Wall Street Journal Examines FDA’s Credibility after Recent Court Losses
The Wall Street Journal today examines the FDA's "eroding" credibility amid recent losses in federal court cases, which are "tempering" the agency's "aggressiveness" and "emboldening its industry adversaries." The Journal reports that the string of losses for the FDA includes the following:
- A ruling last month in which a federal judge overturned a requirement that drug companies perform pediatric drug trials for some medicines;
- Two Supreme Court decisions rejecting the agency's attempt to regulate tobacco and striking down its restrictions barring pharmacies from advertising drug compounds;
- An appeals court decision finding that the agency inappropriately rejected health findings from dietary-supplement manufacturers; and
- A successful challenge to its oversight of the marketing of "off-label" drugs.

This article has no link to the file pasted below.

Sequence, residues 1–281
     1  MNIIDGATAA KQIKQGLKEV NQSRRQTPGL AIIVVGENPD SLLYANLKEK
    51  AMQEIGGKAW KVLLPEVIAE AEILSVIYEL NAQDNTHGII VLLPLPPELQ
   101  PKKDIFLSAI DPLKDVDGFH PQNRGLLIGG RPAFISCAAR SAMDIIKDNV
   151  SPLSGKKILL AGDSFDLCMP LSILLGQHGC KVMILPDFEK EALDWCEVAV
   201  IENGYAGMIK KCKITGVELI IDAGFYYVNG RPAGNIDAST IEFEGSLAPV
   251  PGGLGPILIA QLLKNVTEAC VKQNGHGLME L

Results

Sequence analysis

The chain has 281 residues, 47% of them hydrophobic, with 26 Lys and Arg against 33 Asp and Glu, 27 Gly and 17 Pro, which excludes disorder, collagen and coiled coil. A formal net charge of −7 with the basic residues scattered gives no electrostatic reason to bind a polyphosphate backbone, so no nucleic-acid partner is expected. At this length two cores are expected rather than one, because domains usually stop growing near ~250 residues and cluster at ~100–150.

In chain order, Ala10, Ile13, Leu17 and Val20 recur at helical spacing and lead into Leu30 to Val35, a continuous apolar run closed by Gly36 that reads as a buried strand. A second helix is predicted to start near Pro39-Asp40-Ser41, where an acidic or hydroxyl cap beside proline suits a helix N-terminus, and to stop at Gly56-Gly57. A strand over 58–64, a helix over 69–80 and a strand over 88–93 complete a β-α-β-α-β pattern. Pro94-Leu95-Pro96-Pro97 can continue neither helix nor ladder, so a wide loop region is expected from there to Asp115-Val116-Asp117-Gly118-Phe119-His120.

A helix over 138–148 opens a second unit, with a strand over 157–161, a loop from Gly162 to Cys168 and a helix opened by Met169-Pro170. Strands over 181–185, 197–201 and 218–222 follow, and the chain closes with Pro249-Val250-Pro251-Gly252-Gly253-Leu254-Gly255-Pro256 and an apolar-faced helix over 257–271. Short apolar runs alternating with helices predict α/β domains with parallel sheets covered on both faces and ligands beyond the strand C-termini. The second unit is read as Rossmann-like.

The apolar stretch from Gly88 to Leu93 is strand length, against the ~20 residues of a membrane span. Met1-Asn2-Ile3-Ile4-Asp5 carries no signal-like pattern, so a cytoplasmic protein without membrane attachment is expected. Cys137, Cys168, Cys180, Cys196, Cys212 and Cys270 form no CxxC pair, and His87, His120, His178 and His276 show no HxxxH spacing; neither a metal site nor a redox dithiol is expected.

In response to its recent losses, the agency has begun a review of past litigation and regulations to determine whether any of the court cases "cast doubt" on other FDA rules, and it recently invited public comment on its advertising rules. While the agency has won 94 federal court cases and only lost 23 since 1990, the recent losses have "taken a bite out of its credibility," the Journal reports, although some officials say that their impact has been "overblown." According to a top agency official, "It doesn't help our public health mission to lose cases in court. We don't want to get a reputation for being arbitrary and capricious" (Adams, Wall Street Journal, 11/19).